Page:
The third day of the BP trial has featured a combative BP higher-up, a BP senior executive who resigned from BP in disgust, expert witnesses in the drilling field, and the star of today's show...the one, the only, Tony "I Want My Life Back" Hayward. Tony, sadly, did not actually make the trip to New Orleans for this trial; his testimony was from 2011, but was entered into evidence today. US District Judge Carl Barbier has prohibited the release of courtroom audio or video, but parts of Hayward's deposition have been available for public view when The Daily, a New York-based daily news app for iPads, obtained a leaked copy and published it in 2011, over the court's objections.
And for those of you who have not seen Tony's testimony, it is presented (well, some of it) in all its nefarious glory, courtesy of The Daily...
Hayward appeared before the court in videotaped testimony from 2011. Mobile lawyer Robert "Bobo" Cunningham, representing private plaintiffs in the case, confronted Hayward about his comments in numerous speeches and interviews regarding the need to cut costs.Tony's memory seem to be rather hazy when it comes to what happened in April of 2010.
"'Leaders are very important. They play a major role in shaping the culture of an organization.' Did you say those words, Dr. Hayward?" Cunningham asked.
"I did say that," Hayward responded. "But there are other things."
During the deposition, attorneys raised questions about Hayward’s sincerity when he said he had the best interest at heart of spill victims.Prior to the appearance of Mister Gusher, former head of BP America Lamar McKay took the stand to complete his testimony from late yesterday.
Hayward famously infuriated Gulf residents during the height of the spill with his comment, “I’d like my life back.”
Asked during the deposition if he could remember the names of the 11 rig workers killed, Hayward misidentified one man and could name only two others.
Under questioning from Cunningham, McKay undertook to spread the blame for the blowout.
"I think that's a shared responsibility, to manage the safety and the risk," said McKay. "Sometimes contractors manage that risk. Sometimes we do. Most of the time it's a team effort."Next up (after the Hayward video testimony) was Kevin Lacy, BP's senior vice president for Gulf drilling operations. Lacy resigned in December of 2009, citing an impasse with BP executives over safety issues, referencing yesterday's statements about cost cutting.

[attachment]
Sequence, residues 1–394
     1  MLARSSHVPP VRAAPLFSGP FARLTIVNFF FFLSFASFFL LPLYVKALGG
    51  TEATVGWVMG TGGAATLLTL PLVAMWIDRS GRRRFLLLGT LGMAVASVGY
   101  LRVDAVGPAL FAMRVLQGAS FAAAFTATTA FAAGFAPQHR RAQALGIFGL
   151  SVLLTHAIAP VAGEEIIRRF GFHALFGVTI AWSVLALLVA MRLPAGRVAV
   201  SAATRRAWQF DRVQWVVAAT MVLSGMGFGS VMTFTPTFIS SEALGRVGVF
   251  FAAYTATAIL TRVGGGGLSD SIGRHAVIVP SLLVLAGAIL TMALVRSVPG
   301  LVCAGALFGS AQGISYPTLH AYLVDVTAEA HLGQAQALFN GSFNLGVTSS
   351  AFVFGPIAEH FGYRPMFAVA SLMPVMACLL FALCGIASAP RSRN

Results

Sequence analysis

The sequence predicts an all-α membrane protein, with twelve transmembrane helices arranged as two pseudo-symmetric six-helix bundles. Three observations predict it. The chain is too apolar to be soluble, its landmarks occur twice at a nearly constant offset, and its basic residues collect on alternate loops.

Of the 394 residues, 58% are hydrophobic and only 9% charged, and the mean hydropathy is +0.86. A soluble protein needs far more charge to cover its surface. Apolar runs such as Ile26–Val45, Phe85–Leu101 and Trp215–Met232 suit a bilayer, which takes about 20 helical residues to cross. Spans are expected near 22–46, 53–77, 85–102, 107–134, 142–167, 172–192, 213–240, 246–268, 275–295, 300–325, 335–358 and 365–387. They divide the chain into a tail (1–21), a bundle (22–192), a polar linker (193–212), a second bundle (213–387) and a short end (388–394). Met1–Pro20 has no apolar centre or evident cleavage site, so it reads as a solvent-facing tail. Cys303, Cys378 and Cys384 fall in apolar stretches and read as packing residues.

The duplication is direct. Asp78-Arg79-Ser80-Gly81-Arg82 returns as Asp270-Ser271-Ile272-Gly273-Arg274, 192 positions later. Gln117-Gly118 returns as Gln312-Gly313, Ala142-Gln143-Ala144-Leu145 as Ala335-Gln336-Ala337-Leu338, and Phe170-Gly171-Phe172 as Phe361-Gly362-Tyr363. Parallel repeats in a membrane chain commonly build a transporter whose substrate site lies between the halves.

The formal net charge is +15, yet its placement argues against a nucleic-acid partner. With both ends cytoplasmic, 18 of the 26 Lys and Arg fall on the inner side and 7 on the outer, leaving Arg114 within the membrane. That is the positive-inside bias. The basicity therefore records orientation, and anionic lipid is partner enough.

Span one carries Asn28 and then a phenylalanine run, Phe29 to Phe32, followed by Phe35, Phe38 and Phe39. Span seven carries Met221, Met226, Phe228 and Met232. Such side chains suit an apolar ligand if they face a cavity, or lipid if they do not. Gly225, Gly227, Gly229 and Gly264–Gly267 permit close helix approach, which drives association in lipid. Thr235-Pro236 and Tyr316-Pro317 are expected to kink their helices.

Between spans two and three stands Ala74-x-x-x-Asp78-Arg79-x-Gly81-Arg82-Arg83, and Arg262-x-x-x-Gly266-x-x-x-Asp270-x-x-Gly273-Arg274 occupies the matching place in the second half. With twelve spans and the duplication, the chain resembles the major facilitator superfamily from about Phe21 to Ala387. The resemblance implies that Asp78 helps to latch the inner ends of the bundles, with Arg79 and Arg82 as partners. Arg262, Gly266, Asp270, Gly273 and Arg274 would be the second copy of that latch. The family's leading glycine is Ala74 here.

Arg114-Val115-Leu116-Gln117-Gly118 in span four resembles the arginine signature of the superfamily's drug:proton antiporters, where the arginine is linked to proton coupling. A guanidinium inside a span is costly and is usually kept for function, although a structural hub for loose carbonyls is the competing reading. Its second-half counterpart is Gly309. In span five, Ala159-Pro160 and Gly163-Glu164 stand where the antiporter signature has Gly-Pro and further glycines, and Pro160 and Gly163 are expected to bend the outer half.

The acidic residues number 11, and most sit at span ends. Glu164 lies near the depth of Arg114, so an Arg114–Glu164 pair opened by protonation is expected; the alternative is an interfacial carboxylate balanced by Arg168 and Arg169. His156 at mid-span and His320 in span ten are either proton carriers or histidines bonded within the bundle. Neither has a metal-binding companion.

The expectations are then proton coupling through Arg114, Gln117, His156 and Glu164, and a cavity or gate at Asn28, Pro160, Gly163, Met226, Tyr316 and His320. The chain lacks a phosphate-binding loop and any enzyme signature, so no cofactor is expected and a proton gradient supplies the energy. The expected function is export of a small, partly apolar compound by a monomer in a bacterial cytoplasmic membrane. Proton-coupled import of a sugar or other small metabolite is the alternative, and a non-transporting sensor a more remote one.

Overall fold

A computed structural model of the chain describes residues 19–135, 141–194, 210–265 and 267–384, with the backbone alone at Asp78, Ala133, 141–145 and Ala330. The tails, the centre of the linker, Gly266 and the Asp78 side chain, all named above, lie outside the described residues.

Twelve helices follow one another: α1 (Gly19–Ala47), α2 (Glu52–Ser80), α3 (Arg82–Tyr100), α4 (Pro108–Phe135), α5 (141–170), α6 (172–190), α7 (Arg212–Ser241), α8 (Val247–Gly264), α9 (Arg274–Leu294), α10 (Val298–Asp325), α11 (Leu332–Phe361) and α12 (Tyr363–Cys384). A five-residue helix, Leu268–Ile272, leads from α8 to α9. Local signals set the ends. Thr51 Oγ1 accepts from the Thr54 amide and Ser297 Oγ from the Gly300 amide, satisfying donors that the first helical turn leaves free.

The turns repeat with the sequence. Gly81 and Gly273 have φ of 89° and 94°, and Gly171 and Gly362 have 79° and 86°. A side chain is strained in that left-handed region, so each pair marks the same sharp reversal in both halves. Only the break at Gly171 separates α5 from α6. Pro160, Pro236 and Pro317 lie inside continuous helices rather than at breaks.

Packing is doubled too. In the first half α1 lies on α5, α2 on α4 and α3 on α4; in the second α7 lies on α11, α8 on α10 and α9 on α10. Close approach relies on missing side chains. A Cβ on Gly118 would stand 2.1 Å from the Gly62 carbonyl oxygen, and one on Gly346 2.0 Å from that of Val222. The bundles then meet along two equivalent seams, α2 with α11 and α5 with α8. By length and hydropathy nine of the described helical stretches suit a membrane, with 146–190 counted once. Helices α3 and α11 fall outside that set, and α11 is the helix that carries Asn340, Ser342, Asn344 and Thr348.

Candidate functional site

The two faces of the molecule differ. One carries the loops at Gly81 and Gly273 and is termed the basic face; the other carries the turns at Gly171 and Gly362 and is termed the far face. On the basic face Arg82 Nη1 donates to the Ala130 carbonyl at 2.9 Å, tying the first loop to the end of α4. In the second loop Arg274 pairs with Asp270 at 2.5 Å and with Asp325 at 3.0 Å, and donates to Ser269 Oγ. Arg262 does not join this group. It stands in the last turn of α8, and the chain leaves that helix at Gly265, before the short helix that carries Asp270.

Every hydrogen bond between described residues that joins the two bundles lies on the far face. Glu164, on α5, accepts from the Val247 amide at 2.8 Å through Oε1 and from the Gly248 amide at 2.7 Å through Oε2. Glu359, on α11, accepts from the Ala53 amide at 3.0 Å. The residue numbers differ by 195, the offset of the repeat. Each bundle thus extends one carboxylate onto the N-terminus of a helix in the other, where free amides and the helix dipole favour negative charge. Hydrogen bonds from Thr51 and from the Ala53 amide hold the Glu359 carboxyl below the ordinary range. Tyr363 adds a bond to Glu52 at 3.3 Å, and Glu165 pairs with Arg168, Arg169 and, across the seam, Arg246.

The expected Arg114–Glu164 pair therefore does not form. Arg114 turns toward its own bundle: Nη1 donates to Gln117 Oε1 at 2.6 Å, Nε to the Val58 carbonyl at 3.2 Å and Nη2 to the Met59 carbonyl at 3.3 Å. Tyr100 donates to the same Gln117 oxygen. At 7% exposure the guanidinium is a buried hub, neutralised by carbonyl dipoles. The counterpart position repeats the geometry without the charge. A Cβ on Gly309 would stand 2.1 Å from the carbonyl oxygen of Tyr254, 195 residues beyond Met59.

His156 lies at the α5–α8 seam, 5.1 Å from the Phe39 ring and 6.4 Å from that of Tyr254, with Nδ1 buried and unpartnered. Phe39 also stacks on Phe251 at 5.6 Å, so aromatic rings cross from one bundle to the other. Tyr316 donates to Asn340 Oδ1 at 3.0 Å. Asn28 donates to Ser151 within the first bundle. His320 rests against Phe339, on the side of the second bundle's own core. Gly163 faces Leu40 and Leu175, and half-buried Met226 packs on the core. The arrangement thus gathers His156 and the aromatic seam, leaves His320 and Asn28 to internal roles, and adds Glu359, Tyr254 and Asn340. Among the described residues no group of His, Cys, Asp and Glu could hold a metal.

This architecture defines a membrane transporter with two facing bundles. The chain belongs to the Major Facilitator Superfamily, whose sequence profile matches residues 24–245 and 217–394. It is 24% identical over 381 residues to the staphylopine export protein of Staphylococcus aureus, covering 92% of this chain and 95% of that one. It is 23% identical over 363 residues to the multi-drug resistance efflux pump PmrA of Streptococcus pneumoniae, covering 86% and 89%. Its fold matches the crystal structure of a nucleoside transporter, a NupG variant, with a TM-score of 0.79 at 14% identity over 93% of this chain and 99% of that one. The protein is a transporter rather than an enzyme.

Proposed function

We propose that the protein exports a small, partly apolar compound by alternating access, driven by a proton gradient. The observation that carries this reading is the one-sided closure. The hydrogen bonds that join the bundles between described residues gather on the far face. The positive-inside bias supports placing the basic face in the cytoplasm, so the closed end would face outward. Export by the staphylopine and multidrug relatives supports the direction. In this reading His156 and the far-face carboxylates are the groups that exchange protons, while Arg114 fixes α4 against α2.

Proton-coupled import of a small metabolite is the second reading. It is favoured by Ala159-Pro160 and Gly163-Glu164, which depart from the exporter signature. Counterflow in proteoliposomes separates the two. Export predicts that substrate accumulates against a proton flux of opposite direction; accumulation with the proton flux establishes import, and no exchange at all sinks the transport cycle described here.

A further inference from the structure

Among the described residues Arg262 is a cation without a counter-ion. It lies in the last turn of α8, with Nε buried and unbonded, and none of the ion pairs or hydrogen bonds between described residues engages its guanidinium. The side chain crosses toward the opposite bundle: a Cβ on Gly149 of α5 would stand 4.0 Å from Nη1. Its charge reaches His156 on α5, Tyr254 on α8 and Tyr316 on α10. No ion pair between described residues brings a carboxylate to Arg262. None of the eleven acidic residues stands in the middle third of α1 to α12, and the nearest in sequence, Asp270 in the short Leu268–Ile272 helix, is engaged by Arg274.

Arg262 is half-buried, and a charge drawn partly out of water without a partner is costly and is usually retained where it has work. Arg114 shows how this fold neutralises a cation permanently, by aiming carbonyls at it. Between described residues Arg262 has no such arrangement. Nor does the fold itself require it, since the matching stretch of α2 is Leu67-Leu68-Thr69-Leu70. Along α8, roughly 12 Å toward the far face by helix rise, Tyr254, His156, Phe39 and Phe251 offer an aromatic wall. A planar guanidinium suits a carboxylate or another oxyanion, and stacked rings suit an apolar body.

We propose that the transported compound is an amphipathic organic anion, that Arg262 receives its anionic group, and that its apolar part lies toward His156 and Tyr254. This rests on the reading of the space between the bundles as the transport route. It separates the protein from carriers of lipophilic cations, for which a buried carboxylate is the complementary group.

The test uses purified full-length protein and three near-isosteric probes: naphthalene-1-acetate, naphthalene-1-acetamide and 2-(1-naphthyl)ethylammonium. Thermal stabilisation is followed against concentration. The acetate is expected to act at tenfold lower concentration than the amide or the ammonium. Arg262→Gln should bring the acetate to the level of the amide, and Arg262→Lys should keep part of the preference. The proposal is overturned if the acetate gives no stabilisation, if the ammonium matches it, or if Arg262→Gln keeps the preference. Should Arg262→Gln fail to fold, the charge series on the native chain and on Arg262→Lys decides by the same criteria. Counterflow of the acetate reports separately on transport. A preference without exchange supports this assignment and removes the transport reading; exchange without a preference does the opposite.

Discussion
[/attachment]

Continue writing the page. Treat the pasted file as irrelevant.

"I was never given a directive to cut corners," Lacy said in videotaped testimony. "But there was tremendous pressure on cost."These cost-cutting issues seem to be a recurring theme, do they not?
Following Lacy was expert witness Alan Huffman, a geophysicist with many years as a consultant in the oil and gas industry.
Huffman was unflinching in his contention that BP knowingly violated safe drilling standards when doing so would save money.
"They were egregious beyond anything I've seen in my career," Alan Huffman, a veteran consultant to the oil industry, said from the witness stand this morning.Matt Regan, a BP attorney, strongly challenged Huffman in a technical debate over the meaning of regulations for monitoring wells when Huffman did not agree that MMS rules were violated. After a lengthy back and forth between Regan and Huffman, Judge Barbier interrupted, saying, "You're beating a dead horse, Mr. Regan. Let's move it along."
Huffman, who has over 30 years of experience in the oil and gas industry, said BP repeatedly withheld or misrepresented information about the rig from federal regulators.
"That is not what a prudent operator does," Huffman said. "This was beyond imprudent. It was unsafe and dangerous."
Huffman said there were several kicks, or evidence of gas or oil intrusion, in the well during the drilling of the well. The work should have stopped at that point, he said. But BP decided to continue to drill ahead when it reached 18,220 feet, endangering the lives of the workers on the Deepwater Horizon rig above.
“I would have been very concerned for everyone on that rig,” he said.
As of this posting, Huffman is still on the stand. Followup will appear in tomorrow's edition.
I know it's too early to have any expectations, but from my third-party observations, Judge Barbier doesn't look as though he has much patience with dead-horse beating...
This first phase of the trial, which will likely take three months, focuses on causes of the blowout and will determine how to allocate fault.
The second phase will be concerned with the amount of oil released.
Judge Barbier also is expected to determine if the disaster resulted from gross negligence. Further proceedings could determine how much in punitive damages should be assessed, and separate trials could determine damage awards for individuals and businesses that opted out of a multibillion-dollar settlement last year between BP and private parties claiming economic or health damages.--------------------------------------
This isn't BP, but Shell. And it looks like (even if temporary) a definite hurray for our side...